This case concerns the applicability of Minn. Stat. § 176.82 (2016)—the Minnesota statute banning employers from taking retaliatory actions against employees who seek workers’ compensation benefits—and the interplay between this statute and a federal statute, Immigration Reform and Control Act (“IRCA”).
The Respondent, Anibal Sanchez (“Sanchez”), was an undocumented worker. After his tourist visa expired in 1998, he continued to live in Minnesota. Eventually, in early 2005, he started to work as a body shop assistant with Appellant, Dahlke Trailer Sales, Inc. (“Dahlke”). Sanchez further alleged that the managers at Dahlke knew that he was not authorized to work in the United States, but nonetheless continued to employ him.
Then, on September 23, 2013, Sanchez injured himself while operating a sandblaster at work. A few months after his injury, he retained counsel and filed a claim for workers’ compensation benefits. About a month after filing this claim, Sanchez appeared for a deposition and admitted that he was not authorized to work in the United States.
Shortly after Sanchez’s deposition, he and two-part owners of Dahlke signed a letter, in which Sanchez agreed that Dahlke would place him on an unpaid leave of absence. Once Sanchez produced “legitimate” paperwork showing that he can legally work in the United States, he could return to Dahlke as an employee.
Sanchez later sued Dahlke under Minn. Stat. § 176.82 in Minnesota state court alleging that Dahlke discharged him for seeking workers’ compensation benefits. Dahlke moved for summary judgment, and the district court granted the motion.
The Minnesota Court of Appeals reversed the district court’s decision and held that undocumented workers had protection under the anti-retaliatory statute. It also held that Sanchez raised a genuine issue of material fact on whether he established a prima facie case of retaliatory discharge.
The Minnesota Supreme Court, in a 4-3 vote, affirmed the decision by the Minnesota Court of Appeals. The Minnesota Supreme Court first analyzed whether Sanchez met his burden of proof under the anti-retaliatory statute. Employees must prove two prongs when alleging that their employers violated the anti-retaliatory statute: (1) employers “discharged” them within the statute’s meaning; and (2) employers did so in retaliation for them seeking workers’ compensation benefits.
Under the first prong, the Minnesota Supreme Court held that the workers’ compensation statute did not define “discharge.” See Minn. Stat. §§ 176.001–.862 (2016). To that end, it looked to the ordinary meaning of “discharge.” In short, the term’s ordinary meaning denotes “an aspect of permanence.” Moreover, in determining whether an employer discharged an employee, the employer’s actual intent is crucial in deciding whether a discharge occurred.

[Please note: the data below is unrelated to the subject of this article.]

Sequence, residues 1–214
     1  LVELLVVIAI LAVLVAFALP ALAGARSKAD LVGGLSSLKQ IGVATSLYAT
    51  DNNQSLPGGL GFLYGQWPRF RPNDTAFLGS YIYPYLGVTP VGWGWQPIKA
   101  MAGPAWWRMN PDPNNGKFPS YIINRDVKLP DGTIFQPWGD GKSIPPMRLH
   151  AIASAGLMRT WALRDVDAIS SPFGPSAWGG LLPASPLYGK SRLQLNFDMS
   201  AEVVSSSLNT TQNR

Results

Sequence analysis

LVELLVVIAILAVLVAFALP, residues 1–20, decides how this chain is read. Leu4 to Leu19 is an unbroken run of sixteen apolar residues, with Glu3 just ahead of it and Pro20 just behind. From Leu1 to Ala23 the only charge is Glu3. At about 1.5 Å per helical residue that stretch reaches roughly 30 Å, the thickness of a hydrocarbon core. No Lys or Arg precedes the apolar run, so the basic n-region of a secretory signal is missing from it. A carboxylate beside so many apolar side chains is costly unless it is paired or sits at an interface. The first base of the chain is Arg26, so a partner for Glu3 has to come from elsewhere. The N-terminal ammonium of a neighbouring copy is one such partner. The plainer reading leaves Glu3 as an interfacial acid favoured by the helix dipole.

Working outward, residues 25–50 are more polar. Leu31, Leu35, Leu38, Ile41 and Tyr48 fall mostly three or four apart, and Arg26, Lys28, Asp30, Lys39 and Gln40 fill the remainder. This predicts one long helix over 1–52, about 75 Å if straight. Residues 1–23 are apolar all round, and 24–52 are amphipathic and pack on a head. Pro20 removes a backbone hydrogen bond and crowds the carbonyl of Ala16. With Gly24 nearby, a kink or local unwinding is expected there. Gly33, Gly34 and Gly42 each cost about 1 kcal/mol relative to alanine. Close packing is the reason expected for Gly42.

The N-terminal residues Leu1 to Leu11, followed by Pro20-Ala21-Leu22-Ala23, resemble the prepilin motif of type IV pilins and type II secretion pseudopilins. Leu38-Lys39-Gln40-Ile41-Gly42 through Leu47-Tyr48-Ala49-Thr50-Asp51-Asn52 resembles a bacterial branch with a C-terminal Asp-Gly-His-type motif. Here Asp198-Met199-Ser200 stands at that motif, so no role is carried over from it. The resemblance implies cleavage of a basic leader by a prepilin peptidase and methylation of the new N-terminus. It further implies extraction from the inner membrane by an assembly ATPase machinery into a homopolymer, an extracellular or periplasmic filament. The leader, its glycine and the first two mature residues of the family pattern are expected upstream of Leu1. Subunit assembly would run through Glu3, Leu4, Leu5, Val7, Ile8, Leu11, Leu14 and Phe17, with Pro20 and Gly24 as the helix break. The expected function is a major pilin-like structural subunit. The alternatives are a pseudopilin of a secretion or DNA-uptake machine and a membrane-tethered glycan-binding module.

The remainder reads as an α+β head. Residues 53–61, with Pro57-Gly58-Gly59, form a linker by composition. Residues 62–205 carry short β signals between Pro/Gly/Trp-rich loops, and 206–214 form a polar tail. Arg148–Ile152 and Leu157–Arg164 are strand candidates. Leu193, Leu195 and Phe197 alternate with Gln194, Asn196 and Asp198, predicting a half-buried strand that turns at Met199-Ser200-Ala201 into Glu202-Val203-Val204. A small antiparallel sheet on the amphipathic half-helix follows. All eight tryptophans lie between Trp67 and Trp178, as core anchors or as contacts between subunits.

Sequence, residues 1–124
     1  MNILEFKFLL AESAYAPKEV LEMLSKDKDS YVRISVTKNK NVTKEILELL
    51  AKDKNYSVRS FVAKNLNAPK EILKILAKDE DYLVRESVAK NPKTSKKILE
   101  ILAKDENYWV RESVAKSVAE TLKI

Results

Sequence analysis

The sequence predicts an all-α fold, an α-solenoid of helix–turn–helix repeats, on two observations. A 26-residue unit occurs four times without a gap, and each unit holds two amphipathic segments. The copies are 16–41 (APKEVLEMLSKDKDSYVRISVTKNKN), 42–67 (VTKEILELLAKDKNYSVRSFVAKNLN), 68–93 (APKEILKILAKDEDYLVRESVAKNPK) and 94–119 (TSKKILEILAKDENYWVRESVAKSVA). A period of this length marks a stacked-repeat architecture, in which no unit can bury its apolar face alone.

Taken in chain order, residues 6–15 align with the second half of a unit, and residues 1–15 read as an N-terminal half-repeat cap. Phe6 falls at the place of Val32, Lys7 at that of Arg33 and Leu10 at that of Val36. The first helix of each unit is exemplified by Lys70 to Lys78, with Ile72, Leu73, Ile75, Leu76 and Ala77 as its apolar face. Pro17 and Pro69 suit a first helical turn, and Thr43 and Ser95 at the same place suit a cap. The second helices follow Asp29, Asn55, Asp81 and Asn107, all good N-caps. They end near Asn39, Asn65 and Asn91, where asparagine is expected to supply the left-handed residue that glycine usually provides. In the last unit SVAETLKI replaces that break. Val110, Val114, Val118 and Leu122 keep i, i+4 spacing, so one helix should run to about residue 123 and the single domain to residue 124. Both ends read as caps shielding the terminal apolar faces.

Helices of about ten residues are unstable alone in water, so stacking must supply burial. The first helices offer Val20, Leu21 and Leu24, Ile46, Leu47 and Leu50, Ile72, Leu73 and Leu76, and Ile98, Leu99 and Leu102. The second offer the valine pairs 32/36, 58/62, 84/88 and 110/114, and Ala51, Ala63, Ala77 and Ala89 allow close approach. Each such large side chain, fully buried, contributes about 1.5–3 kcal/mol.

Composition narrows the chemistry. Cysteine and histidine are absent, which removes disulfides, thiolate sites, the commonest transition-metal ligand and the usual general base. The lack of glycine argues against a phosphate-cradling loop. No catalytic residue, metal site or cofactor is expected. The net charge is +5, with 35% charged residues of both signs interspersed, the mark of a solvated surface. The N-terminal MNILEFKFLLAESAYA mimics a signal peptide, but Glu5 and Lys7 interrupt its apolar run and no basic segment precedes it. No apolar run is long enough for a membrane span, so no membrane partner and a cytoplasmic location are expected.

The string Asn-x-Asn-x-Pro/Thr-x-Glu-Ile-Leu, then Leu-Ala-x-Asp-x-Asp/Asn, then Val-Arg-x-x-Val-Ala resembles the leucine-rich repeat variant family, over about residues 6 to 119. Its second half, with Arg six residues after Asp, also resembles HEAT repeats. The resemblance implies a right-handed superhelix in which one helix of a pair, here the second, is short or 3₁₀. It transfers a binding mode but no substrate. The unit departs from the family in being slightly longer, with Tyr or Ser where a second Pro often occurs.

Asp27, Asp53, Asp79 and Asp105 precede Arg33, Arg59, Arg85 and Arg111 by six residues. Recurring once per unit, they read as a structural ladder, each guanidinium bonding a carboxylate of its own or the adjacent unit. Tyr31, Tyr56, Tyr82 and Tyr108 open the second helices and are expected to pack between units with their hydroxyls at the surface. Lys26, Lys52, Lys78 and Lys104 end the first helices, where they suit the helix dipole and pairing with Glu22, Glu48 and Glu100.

Here the Minnesota Supreme Court held that Sanchez raised a genuine issue of material fact on whether he was discharged. Given Sanchez’s past interactions with Dahlke’s managers about his immigration status, he alleged that Dahlke placing Sanchez on unpaid leave was not motivated by his immigration status. Moreover, the letter signed by all parties lacked mutual consideration, and thus may not be binding. Put another way, Dahlke still had the ultimate authority on whether to re-hire Sanchez, and was under no legal obligation to re-hire him.
Under the second prong, when viewing all facts in Sanchez’s favor, the Minnesota Supreme Court held that the evidence raised a genuine issue of material fact on Dahlke’s motivation for placing Sanchez on unpaid leave.
The Minnesota Supreme Court then addressed Dahlke’s second argument: it could not be held liable for complying with federal law, the IRCA. The IRCA prohibits employers from knowingly hiring undocumented workers, and from continuing to employ these workers when the employer knows they are undocumented. 8 U.S.C. § 1324a(a). Employers who employ undocumented workers subject themselves to civil and criminal sanctions.
Dahlke argued that the IRCA preempted the anti-retaliation statute under the Supremacy Clause of the United States Constitution. Mainly, it argued that if the anti-retaliation statute required that it continue to employ Sanchez, it would violate the IRCA by knowingly employing an undocumented worker. The Minnesota Supreme Court rejected this preemption argument, and held that the anti-retaliation statute did not require that Dahlke continue to employ Sanchez after it knew he was undocumented. Instead, the anti-retaliation statute banned Dahlke from discharging Sanchez because he sought workers’ compensation benefits.
Justice Anderson wrote a dissenting opinion, with Chief Justice Gildea and Justice Stras joining the dissent.
The core takeaway from this decision is how an employer may comply with the IRCA and anti-retaliation statute because there is no conflict—i.e., the IRCA does not preempt the anti-retaliation statute under the Supremacy Clause. The statutes serve different goals. The IRCA, in part, bans employers from knowingly employing unauthorized workers, while the anti-retaliation statute bans employers from firing employees because they seek workers’ compensation benefits. Employers further do not have an affirmative obligation under the anti-retaliation statute to continuously employ employees who are unauthorized to work in the United States.